What Kind of Faith Do You Want?

As Christians, I think we can all mutually agree that faith is the substance of things hoped for and the evidence of things unseen (Hebrews 11:1)

I recently started thinking about the type of faith that I have and wanted to let you into my stream of consciousness.

The other day I was listening to to my daughter ask me for puzzle pieces. I thought to myself, “She only knows they’re puzzle pieces because I told her and she trusts me.” And then I thought, “what if I had told her that puzzle pieces were actually called dice or some other noun that doesn’t properly identify a puzzle piece?” Would she go around calling puzzle pieces, dice? Absolutely. And that’s because mama told her so and she trusts her mama to not lead her astray.

I then started to think of the scripture where Jesus called a child to him and told his disciples “unless you change and become like little children, you will never enter the kingdom of heaven…” (Matthew 18:2). This scripture doesn’t blatantly suggest childlike faith, but it does illustrate the innocence and purity of heart that children have—just like my little girl.

As I was driving the other day, I was using my GPS. While in route, I stopped to take a peak at the next point on the navigation system because I don’t like to blindly follow Siri without having an idea of what’s to come. At that moment, God revealed to me that as we become adults we ditch our innocence and our sense of complete trust in Him for GPS-like faith. GPS-like faith is saying, “Lord I trust you, but only when I can have a glimpse of what’s next.” That was never God’s intent.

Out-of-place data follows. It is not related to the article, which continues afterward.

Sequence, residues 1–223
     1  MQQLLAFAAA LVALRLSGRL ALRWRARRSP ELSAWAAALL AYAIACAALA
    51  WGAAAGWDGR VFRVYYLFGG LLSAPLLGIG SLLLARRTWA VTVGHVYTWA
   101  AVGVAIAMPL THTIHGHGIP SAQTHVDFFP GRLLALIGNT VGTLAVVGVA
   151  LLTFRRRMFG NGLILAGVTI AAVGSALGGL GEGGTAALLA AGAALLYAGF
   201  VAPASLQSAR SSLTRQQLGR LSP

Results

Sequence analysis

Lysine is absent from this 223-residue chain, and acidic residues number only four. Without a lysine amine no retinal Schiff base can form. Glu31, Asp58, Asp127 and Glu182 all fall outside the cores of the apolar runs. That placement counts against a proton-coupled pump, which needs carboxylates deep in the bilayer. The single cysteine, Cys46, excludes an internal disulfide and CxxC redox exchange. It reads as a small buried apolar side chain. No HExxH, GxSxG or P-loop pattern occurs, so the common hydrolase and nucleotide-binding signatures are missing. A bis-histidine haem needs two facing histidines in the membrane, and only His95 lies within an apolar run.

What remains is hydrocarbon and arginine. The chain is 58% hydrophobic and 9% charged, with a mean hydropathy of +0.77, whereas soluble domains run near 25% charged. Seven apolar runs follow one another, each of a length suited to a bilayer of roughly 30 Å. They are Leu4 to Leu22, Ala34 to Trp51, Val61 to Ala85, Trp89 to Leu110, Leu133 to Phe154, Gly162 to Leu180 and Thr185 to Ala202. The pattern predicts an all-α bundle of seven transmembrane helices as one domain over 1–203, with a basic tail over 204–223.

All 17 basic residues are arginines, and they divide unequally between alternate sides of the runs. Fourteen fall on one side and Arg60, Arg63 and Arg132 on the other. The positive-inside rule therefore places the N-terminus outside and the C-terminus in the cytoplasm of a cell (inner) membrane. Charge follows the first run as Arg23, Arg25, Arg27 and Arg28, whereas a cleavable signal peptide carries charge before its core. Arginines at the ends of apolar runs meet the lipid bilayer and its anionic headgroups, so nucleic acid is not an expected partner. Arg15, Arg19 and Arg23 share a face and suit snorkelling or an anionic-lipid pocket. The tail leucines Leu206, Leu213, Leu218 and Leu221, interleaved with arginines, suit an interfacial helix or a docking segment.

Scripture plainly tells us that without faith, it is impossible to please God (Hebrews 11:6). In Isaiah 55:8 God tells us “for my thoughts are not your thoughts, neither are your ways my ways,” and with a father who has the foresight to see the whole picture why do we lose our ability to completely trust Him? He promises that all things work together for the good of those who love him and are called according to his purpose (Romans 8:28) but somewhere there is a disconnect. It could be life and circumstances, but wouldn’t it be beautiful to trust God the way that He intends and the way my daughter trusts me? I believe that God wants us to maintain that purity and innocence when it comes to our faith and I want to get to a place where I fully abandon my adultness and completely trust Him. I want to have faith that He will tell me where I need to go, not because I can see the future but simply because He said so. Which brings me back to the original question, what kind of faith do you want?


Faith, TrustNichelle WhitneyComment